Case Study:

The homeless charity and the 'village green' made of tarmac


As can be seen from these pictures, no property is safe from the ‘village green’ scam.

Homeless charity The Nomad Trust hoped to create a new 20 bedroom Pathways Centre.

The charity’s idea was to help homeless people, from all walks of life, to regain their independence and self-respect.

The new centre was to help the homeless take control back of their lives and secure work and a place to live.

The site the charity chose for the project was on the corner of Lytton Street and Cannon Street, Lincoln (pictured).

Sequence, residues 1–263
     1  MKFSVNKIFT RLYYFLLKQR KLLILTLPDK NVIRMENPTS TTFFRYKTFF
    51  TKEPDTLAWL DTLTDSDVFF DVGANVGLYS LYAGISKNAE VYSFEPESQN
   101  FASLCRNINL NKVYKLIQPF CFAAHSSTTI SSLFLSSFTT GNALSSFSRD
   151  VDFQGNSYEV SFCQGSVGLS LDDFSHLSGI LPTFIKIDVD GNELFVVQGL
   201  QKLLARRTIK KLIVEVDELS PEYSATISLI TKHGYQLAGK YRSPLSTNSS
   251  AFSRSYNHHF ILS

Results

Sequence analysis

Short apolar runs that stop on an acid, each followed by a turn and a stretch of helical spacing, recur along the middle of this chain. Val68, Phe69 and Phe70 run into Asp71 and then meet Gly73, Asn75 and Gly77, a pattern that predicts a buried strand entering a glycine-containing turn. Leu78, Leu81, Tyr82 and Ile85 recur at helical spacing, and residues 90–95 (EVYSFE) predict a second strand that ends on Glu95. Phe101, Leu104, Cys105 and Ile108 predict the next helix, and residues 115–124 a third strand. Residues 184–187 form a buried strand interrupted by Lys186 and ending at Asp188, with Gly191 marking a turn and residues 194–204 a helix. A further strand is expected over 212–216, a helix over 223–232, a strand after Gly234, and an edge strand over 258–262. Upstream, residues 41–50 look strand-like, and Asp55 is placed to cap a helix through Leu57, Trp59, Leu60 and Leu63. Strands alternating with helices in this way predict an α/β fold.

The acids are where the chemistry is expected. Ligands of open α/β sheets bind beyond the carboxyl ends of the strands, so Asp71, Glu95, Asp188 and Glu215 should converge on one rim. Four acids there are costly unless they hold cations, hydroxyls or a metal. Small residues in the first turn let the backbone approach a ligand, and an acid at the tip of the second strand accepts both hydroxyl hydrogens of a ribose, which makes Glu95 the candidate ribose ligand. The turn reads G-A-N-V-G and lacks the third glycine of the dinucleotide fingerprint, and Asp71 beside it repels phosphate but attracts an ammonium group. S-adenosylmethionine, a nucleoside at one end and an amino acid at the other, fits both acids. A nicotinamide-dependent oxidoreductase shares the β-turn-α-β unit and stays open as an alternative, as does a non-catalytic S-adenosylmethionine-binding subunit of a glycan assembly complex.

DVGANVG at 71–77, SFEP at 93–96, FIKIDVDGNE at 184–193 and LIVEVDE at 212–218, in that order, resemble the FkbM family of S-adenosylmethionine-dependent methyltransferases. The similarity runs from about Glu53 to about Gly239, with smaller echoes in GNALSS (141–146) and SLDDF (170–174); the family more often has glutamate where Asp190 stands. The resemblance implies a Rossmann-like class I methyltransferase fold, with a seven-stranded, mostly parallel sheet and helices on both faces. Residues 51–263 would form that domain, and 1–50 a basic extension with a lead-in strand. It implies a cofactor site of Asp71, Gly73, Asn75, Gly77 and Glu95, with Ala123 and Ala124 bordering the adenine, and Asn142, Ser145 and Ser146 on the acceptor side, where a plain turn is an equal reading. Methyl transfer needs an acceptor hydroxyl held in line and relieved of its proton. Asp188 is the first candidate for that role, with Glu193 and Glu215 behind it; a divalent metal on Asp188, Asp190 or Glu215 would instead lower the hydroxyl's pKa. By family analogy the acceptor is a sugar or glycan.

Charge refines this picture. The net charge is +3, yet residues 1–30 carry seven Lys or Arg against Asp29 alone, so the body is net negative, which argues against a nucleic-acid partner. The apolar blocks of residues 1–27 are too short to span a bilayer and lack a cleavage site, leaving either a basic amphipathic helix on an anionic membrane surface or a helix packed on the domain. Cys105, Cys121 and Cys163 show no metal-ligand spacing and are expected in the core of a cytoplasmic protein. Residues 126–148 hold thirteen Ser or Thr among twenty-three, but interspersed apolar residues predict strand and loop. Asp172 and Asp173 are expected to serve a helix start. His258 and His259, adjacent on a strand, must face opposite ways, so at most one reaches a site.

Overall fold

The charity’s planning application was approved by city councillors on a Wednesday evening.  But the following Monday, local resident Allan Fullen (56) handed in a form.

It was the standard official application form, claiming that the property is a village green and applying to the council for it to be registered as such.

Nimby Weasel Words

‘No one has an issue with housing the homeless.’

Applicant for so-called ‘village green’, Allan Fullen, June 2009

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The proposal to be frustrated using the scam:

A shelter and resource, to help homeless people trying to get their lives back in order

Proposer of development:

Registered charity

Status of property owner:

Registered charity

Individual claiming that the land is a ‘town or village green’ and making the application:

Allan Fullen


Lytton Street and Cannon Street, Lincoln